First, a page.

a. If it promotes hegemony by intensifying the life of privileged groups, then death is biopolitical neoliberalism’s unassimilable outside. Foucault makes this clear in Society Must Be Defended.
b. So death is subversive only for some privileged groups; death is not at all subversive for those groups already left to die (“bare life” etc.).
So how do you subvert neoliberal biopower, the metric, frequential intensification of life?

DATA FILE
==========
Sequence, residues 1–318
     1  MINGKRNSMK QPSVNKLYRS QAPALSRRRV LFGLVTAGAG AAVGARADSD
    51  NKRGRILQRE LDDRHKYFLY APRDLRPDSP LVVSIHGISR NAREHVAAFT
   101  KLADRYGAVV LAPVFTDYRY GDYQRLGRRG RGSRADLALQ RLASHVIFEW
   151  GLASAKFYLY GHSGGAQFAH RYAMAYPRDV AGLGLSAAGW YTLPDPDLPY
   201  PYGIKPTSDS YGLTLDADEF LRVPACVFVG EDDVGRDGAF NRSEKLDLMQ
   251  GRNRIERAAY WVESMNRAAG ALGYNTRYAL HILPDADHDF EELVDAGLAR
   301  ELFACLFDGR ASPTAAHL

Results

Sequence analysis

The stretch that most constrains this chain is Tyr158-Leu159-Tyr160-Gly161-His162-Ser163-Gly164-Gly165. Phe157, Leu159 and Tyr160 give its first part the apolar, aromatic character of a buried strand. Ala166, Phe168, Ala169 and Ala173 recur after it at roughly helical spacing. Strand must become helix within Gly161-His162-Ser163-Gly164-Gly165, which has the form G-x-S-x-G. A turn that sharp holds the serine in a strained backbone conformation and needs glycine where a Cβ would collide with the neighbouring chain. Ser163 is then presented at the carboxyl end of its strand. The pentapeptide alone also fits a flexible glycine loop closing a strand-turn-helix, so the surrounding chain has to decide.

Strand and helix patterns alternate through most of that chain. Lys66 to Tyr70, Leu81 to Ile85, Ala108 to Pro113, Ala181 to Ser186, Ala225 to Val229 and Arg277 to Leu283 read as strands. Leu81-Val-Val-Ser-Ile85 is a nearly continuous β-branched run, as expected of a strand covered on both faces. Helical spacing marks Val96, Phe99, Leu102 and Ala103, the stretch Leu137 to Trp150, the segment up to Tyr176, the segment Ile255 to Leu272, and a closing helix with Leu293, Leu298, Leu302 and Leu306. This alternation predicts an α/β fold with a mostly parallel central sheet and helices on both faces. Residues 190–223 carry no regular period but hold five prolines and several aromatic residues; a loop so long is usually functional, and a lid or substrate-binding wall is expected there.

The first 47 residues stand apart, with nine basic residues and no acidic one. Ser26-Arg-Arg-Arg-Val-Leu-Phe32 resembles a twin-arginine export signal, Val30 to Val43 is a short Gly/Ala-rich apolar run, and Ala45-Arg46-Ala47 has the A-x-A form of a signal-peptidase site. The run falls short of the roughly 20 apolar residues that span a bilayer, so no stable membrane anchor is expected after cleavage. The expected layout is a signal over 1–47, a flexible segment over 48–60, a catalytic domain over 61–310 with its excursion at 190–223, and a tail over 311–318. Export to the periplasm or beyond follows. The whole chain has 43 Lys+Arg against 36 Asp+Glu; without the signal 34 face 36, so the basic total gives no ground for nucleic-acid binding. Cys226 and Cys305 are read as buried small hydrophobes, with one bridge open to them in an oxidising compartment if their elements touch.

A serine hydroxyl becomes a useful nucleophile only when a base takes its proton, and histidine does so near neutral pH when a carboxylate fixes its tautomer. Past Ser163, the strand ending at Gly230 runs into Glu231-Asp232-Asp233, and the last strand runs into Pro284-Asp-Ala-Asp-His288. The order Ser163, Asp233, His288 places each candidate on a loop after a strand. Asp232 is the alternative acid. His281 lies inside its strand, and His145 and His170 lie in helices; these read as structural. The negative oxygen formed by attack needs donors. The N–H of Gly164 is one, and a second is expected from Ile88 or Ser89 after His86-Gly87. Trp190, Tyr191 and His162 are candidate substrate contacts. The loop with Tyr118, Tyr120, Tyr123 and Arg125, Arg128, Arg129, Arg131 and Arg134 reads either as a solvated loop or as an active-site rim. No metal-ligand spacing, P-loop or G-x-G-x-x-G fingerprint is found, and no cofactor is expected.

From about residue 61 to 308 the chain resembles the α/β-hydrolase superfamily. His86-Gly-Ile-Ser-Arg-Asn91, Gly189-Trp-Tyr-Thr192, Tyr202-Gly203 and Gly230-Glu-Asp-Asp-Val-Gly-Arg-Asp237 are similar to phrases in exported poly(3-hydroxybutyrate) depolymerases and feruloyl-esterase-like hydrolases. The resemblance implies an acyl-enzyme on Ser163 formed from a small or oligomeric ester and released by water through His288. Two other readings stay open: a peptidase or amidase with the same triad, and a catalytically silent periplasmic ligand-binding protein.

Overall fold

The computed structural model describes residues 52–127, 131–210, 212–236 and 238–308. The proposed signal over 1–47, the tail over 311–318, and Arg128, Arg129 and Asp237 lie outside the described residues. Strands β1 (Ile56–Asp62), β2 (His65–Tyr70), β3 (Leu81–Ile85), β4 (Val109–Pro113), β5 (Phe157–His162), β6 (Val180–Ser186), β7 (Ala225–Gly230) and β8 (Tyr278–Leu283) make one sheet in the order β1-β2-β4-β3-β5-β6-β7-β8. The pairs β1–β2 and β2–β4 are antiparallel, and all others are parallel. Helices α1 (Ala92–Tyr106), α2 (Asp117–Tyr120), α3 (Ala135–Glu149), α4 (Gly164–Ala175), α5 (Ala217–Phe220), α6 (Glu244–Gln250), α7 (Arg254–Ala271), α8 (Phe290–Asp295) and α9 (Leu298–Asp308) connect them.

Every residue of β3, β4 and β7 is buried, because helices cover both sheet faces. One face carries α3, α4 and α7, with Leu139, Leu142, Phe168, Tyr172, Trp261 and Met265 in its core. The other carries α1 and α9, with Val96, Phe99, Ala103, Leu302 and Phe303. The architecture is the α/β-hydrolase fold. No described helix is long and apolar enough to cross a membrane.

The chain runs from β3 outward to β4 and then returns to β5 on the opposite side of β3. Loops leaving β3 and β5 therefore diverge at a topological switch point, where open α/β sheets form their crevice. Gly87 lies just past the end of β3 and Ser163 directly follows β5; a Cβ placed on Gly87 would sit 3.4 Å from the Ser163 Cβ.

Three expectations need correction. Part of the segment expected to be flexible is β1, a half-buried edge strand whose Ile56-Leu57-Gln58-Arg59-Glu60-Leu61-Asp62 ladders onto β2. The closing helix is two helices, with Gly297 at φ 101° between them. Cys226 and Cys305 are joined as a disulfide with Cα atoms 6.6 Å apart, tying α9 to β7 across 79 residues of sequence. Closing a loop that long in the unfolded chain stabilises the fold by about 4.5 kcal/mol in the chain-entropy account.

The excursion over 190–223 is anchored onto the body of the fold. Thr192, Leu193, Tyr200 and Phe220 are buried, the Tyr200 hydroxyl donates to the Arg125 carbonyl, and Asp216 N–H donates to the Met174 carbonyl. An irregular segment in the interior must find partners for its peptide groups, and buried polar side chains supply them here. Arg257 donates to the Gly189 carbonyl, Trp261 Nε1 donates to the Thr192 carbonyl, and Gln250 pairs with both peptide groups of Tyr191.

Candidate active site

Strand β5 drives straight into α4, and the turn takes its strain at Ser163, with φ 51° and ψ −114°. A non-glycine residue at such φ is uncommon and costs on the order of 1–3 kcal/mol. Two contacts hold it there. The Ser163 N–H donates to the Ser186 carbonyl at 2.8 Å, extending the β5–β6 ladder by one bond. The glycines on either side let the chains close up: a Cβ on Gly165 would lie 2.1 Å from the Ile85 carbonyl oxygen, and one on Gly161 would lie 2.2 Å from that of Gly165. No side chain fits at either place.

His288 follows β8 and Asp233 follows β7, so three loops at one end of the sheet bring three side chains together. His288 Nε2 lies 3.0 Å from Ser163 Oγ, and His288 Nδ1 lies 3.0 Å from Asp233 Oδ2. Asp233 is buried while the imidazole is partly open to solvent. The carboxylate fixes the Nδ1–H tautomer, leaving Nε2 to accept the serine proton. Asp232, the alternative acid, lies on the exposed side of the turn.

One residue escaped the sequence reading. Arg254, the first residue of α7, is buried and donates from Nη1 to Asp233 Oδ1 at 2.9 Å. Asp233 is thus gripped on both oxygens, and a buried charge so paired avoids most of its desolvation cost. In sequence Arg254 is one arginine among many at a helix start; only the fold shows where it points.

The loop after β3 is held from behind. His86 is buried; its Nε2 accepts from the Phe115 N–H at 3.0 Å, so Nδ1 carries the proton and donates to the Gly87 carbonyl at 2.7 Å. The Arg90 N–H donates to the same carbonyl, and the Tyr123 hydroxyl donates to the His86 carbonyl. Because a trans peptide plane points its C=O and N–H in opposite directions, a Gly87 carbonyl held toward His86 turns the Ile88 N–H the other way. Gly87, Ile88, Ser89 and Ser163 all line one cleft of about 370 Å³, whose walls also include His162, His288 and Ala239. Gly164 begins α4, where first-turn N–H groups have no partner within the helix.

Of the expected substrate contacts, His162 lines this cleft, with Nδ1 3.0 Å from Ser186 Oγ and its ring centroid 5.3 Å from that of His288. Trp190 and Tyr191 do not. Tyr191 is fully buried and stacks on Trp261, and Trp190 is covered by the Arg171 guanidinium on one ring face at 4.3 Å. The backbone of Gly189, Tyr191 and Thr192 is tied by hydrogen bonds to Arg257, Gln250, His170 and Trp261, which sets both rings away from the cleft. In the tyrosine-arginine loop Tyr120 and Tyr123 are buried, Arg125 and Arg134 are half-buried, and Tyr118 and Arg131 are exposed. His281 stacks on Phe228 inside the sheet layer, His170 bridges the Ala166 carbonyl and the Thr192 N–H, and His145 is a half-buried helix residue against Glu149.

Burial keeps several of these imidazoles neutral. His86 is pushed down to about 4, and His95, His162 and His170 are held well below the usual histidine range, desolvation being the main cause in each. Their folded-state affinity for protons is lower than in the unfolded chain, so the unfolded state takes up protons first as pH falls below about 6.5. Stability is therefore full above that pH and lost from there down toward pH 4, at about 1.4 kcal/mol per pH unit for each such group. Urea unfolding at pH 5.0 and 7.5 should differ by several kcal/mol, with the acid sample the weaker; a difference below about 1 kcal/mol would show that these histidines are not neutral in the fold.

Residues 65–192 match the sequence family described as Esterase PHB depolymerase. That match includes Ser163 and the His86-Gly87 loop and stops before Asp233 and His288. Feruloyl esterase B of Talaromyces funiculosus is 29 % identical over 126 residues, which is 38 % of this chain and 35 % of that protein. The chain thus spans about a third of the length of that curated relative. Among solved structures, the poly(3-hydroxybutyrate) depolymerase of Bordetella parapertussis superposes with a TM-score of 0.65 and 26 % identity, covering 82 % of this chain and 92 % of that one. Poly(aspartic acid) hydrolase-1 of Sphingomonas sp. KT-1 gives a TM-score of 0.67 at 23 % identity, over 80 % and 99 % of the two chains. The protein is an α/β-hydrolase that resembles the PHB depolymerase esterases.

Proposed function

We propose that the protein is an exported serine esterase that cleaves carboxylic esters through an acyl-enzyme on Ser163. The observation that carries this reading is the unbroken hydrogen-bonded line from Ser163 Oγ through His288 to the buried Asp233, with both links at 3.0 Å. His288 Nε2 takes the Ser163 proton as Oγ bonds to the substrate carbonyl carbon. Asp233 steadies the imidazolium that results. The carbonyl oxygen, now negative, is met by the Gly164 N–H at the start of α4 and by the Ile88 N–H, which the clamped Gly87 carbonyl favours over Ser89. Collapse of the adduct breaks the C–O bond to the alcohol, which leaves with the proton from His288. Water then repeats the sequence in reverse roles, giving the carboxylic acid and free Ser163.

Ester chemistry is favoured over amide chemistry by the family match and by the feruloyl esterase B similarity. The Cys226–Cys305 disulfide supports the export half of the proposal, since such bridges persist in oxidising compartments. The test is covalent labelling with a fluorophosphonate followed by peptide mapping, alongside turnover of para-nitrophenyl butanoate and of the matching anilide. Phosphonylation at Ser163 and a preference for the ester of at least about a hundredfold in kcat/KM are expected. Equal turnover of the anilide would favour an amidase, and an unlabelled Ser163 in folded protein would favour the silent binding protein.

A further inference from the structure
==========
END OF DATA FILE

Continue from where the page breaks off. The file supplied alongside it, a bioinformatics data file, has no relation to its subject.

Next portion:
I’ve been chewing on this question for a while. I’ve come up with a few suggestions: Martha Rossler’s work on “Vital Statistics of a Citizen, Simply Obtained,” the Guerilla Girls’ use of statistics, even the concept of a hangover. Puar suggests that such subversion is “non-metric.” Now, I actually disagree with Puar here. The ‘non-metric’ is an attempt to escape meter/frequency/the logic of intensity; I agree with Foucault that this idea of escaping power is really a misunderstanding of how the power over life works. The point is not to liberate ourselves from meter. It’s to fuck with meter so that it works in unexpected ways: meter has a differently-metric effect, or something like that. There has to be some musical example of this differently-metric meter, right? And I’ve been looking for examples, and even found a few. So, when Deleuze is talking about pure relationships of speed and slowness in 1K Plateaus, he could just as easily be talking about Steve Reich’s process music (the small-scale details and large-scale form unfold simultaneously, etc.). So something like “Violin Phase” or “It’s Gonna Rain” are examples of this differently-metric meter.